We tend to emphasize the role of Gethsemane in Christ’s Atonement, but the Crucifixion at Calvary also plays a crucial role. How can we come closer to Jesus Christ by learning about his death?
Where did Christ’s Atonement take place? In Dr. John Hilton III’s interview titled “The Atoning Crucifixion,” he explains that he asked adult members of the Church where Christ performed the Atonement and that the majority of participants said the Atonement occurred only in Gethsemane and not at Calvary. Dr. Hilton also shares stories of Church members insisting that Gethsemane is more important. Dr. Hilton comments that “not only is that a doctrinal misunderstanding, it’s also just poor practice of building on common beliefs.”
In what way is emphasizing Gethsemane over Calvary a doctrinal misunderstanding? Dr. Hilton notes that more than fifty scriptures mention Christ atoning for our sins on the cross, whereas only two scriptures refer to Christ suffering for our sins in Gethsemane. Additionally, for every one statement in general conference about the atoning power of the events in Gethsemane, there are five statements in general conference about the atoning power of Christ’s death. That’s not to say that Gethsemane isn’t important or that there’s a competition of importance—but it is important to know that the process of Christ’s Atonement includes the events at both locations.
So where does this misunderstanding come from? In part, it comes from a few statements made by a few General Authorities that downplayed the events of the cross and elevated the events in Gethsemane. Elder Gerald N. Lund shares another common misconception in the article “The Fall of Man and His Redemption”: “Some might assume, for example, that we believe Christ’s death on the cross covered only the effects of physical death and that his suffering in the Garden of Gethsemane covered only the effects of spiritual death. But the scriptures make it clear that Christ’s agony in the garden and his suffering and death on the cross were all integral parts of the atoning sacrifice.”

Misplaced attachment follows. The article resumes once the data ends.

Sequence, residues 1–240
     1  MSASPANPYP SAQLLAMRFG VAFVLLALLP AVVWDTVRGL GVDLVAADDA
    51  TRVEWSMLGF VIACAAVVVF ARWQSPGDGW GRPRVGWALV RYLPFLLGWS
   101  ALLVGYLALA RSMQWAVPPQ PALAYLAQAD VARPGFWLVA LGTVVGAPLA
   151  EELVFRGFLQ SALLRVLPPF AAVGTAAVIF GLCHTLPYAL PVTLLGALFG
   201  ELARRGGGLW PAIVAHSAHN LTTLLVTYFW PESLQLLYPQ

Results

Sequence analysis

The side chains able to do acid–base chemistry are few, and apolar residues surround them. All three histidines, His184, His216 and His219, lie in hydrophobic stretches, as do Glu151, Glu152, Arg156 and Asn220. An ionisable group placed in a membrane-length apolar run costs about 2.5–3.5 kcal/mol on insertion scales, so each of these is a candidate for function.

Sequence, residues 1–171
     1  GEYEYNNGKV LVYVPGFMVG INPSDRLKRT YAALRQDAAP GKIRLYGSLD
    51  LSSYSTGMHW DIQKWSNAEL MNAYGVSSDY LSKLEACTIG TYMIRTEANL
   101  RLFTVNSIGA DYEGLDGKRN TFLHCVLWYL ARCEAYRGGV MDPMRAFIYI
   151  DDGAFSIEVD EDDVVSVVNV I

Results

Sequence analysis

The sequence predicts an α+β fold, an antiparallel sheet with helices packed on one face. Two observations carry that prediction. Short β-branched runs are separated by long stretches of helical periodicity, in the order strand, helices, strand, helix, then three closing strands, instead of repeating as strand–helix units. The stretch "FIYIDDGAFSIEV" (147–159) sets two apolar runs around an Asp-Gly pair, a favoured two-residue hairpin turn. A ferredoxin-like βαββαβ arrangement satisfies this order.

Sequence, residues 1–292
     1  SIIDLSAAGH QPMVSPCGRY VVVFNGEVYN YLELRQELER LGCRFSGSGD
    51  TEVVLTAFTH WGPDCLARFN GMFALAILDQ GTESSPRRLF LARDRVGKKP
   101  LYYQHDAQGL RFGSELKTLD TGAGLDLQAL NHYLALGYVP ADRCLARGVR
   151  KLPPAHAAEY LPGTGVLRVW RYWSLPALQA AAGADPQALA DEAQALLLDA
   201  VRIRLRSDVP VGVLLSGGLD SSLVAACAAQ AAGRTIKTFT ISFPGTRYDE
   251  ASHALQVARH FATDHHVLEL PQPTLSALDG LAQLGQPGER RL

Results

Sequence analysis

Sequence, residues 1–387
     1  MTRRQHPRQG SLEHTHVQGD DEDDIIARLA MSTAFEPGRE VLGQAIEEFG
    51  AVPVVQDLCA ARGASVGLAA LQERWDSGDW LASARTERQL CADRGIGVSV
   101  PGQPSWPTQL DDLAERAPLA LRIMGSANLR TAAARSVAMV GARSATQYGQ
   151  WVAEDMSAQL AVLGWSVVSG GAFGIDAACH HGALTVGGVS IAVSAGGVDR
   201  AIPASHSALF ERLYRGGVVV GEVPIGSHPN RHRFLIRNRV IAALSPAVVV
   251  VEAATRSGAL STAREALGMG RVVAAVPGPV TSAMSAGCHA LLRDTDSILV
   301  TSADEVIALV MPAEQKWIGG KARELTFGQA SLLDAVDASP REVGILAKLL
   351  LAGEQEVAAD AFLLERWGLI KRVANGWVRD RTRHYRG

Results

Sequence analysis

But why should it matter to us that Christ’s Atonement continued on the cross? In addition to the words of the prophets and the scriptures, Christ himself has strongly emphasized the importance of his Crucifixion. In 3 Nephi 27:14, Christ says, “And my Father sent me that I might be lifted up upon the cross.” In Doctrine and Covenants 35:2, Christ introduces himself by saying, “I am Jesus Christ, the Son of God, who was crucified for the sins of the world.” Dr. Hilton explains that “Jesus Christ himself [has personally,] repeatedly witnessed about the importance of his Crucifixion, and even if for some of us it seems like new territory, maybe we should learn more about it, if for no other reason than because it is so important to him.”
Hopefully the next time we discuss the Crucifixion, we’ll view it as a vital part of Christ’s conquering both sin and death. One of my favorite scriptures is Romans 5:8: “But God commendeth his love toward us, in that, while we were yet sinners, Christ died for us.” Rather than hiding from the events of the Crucifixion, let’s open our hearts to see the pure love of God and his perfect Son in his ultimate sacrifice.
Source: Y Religion Podcast
—Madeline Paskett Hunter, Latter-day Saint Insights
FEATURE IMAGE BY GOSPEL MEDIA LIBRARY
Find more insights
Discover more about Jesus’s final moments by reading “Words of Jesus: On the Cross,” and Ensign article by Elder Alain A. Petion.
Take a look at Eric D. Huntsman’s Ensign article “Reflections on the Savior’s Last Week” to learn more about each event that occurred during Holy Week.
Read Richard Lloyd Anderson’s Ensign article “The Ancient Practice of Crucifixion” for more archaeological information about Roman crucifixions.